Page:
Neon Deion: From football to baseball


In celebration of Deion Sanders being elected into the Football Hall of Fame, I pose a
question: Will baseball ever see another Deion Sanders? In my recent article about
Brian Wilson being baseballʼs most interesting personality, I expressed my belief that
baseball is lacking strong characters for the media and fans to latch onto. Major League
Baseball is brimming with talent at the moment, especially young pitching talent, but
they are somewhat lacking in showmanship compared to the other major American
sports. After all, sports are for entertainment, right? We pay money to be entertained.
And Neon Deion, like Wilson, was born to entertain.

A multi-sport athlete, Sanders was the epitome of a superstar. Like Bo Jackson before
him, he not only played professionally in two different sports leagues but he did so at a
very high level (unlike, say, Michael Jordan in his attempt to play baseball or, God
forbid, Charles Barkley attempting to swing a golf club – that should be ruled a public
health hazard). Playing only part of each baseball season because of the overlapping
time constraints of his football career, Sanders never put up huge stats or was “the guy”
for his team, but he was a spectacle, he drew fans, and when he did make it onto the
diamond he made his presence known.

While most will, and should, remember Sanders for his football career, his baseball
career was one to be commended, and lasted much longer than most guys who spend
a lifetime in the minors. Two historical achievements where Sanders not only stands out
– he stands alone – illustrate how gifted he really was. The first is that he is the only
person in history to play in a World Series (1992 with the Braves) and a Super Bowl
(1996 with the Cowboys). The same year the Braves went to the World Series, Sanders
led the Majors in triples with 14 in only 97 games. Calling that an impressive athletic
achievement would be an understatement, thatʼs just not fair. The second, is that in
1989 while playing for the Yankees, Deion cranked a home run, and then scored a
touchdown that very same week playing for the Falcons. He is the only person ever to
hit a home run and score a touchdown in the same week.

Still not convinced the man was more than just a sideshow to sell tickets? Letʼs take a
more in depth look at Deionʼs 1997 season with the Cincinnati Reds where he had more
at bats than any other year of his career. During that season, Sanders hit .273, had 25
XBHʼs, scored 53 Rʼs, and stole a whopping 56 SBʼs in only 115 games played. Those
56 SBʼs were good enough for 5th most in the Majors that year, and he missed 47
games. I think that says enough.

But, again, Sandersʼ greatest contribution to baseball wasnʼt his statistics, it was his
ability to bring the spotlight with him from the football field onto the diamond. He was a
showman, an entertainer, a phenomenal athlete, and a good ballplayer. Deion made it
cool to play football, and baseball, and that is what I will remember about him most. He
made the baseball games he played exciting, and he did it his way, always giving the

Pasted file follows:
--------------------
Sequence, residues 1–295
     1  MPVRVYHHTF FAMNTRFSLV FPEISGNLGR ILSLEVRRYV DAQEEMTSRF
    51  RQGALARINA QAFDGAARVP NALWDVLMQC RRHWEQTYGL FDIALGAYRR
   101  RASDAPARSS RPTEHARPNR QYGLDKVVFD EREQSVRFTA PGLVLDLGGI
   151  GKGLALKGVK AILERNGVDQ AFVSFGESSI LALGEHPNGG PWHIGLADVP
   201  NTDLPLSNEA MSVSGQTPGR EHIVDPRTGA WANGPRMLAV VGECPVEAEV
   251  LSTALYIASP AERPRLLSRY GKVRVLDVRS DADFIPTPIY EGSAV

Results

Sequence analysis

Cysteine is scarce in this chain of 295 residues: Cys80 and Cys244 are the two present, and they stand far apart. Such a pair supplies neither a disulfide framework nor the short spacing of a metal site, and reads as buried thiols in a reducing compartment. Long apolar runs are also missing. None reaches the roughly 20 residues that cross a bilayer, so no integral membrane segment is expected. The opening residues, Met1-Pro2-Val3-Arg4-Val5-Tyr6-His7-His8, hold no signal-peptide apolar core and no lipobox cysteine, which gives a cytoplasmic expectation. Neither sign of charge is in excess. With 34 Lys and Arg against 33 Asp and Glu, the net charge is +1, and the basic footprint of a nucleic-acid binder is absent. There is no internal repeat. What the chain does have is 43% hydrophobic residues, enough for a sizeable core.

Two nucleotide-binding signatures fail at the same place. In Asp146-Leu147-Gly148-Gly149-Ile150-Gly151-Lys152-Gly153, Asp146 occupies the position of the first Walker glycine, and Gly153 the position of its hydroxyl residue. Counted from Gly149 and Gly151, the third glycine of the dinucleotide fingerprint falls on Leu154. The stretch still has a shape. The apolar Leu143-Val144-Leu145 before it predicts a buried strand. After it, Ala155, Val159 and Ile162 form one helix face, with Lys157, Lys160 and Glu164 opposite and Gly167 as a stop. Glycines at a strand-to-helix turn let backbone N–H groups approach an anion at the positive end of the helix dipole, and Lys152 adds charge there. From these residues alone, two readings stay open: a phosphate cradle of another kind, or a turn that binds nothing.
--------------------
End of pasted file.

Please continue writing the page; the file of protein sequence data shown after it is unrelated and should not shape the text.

fans their monies worth. Deion will never see his plaque in Cooperstown, but I would
hope Canton suffices. As a Cowboys fan, a baseball fan, and a fan of a great show,
thanks for the memories, Deion.

On one final note, I pose a question to you, the reader. As a fan of baseball, and sports
in general, I often wonder what athletes would transfer over to another sport and excel.
Obviously, Deion wasnʼt a power hitter, but his speed more than made up for his lack of
power. Plus, his tremendous instincts as a cornerback had to aid in his base stealing
ability and made him one of the biggest threats in the game once he got on base. With
guys like Carl Crawford, the Upton brothers, Jacoby Ellsbury, Michael Bourn, Andrew
McCutchen, and Dexter Fowler, baseball is seeing a shift back to the speed game and
away from the power hitting. With that said, are there any professional athletes you
think could be successful crossing over from their sport into baseball? Do you envision
another Deion Sanders coming along anytime soon, or are the days of the
(professional) multi-sport athlete over? And lastly, would you want a player on your team
that could only play part of the season because he also plays another sport?

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5 Comments

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  1. Rudy,

    As duke says, don’t forget Brian Jordan. He made an impact in both Football and Baseball as well.

  2. Great read, Alex. While I think professional athletes exist with superior talents, I don’t see athletes risking their reputation to attempt another professional sport. For example, LeBron James is clearly a singular specimen, but he’s too scared to even do the dunk contest in his own sport. Obviously, the dunk contest is ultimately meaningless, but his refusal to participate hints at LeBron’s fear of losing, and subsequently compromising his brand and its attached mystique. I think what Deion did alludes to his true swagger, having the unwavering confidence to attempt both sports. And in his case, successfully attempt. Could one argue that Deion was one of the first professional athletes, in our generation, that carried himself as his own brand? Conversely, just about every professional athlete today, deserving or not, carries themselves as a brand that can’t appear vulnerable or be perceived as weaker than. I look forward to reading more of your work. Keep it up!

  3. Sweet. I had that card.
    Don’t forget the guy with the best baseball career of the multi-sporters of that era: Sanders’ one-time colleague in the Falcons’ secondary, Brian Jordan.

  4. EDIT: Bo Jackson*, not Bo Sanders. The guy is so electric he’s stealing other people’s names.

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